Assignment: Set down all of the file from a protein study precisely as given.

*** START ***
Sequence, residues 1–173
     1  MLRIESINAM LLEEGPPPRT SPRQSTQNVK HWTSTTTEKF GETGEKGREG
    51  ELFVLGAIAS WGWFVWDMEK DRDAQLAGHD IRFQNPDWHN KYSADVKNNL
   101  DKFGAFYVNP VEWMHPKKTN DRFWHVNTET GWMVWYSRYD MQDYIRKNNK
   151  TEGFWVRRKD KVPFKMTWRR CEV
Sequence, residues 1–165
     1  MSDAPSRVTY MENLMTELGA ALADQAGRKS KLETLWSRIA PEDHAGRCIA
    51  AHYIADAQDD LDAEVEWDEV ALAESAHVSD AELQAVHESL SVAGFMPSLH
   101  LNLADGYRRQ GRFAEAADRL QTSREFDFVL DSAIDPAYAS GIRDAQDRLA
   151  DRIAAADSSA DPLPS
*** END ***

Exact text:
Sequence, residues 1–173
     1  MLRIESINAM LLEEGPPPRT SPRQSTQNVK HWTSTTTEKF GETGEKGREG
    51  ELFVLGAIAS WGWFVWDMEK DRDAQLAGHD IRFQNPDWHN KYSADVKNNL
   101  DKFGAFYVNP VEWMHPKKTN DRFWHVNTET GWMVWYSRYD MQDYIRKNNK
   151  TEGFWVRRKD KVPFKMTWRR CEV
Sequence, residues 1–165
     1  MSDAPSRVTY MENLMTELGA ALADQAGRKS KLETLWSRIA PEDHAGRCIA
    51  AHYIADAQDD LDAEVEWDEV ALAESAHVSD AELQAVHESL SVAGFMPSLH
   101  LNLADGYRRQ GRFAEAADRL QTSREFDFVL DSAIDPAYAS GIRDAQDRLA
   151  DRIAAADSSA DPLPS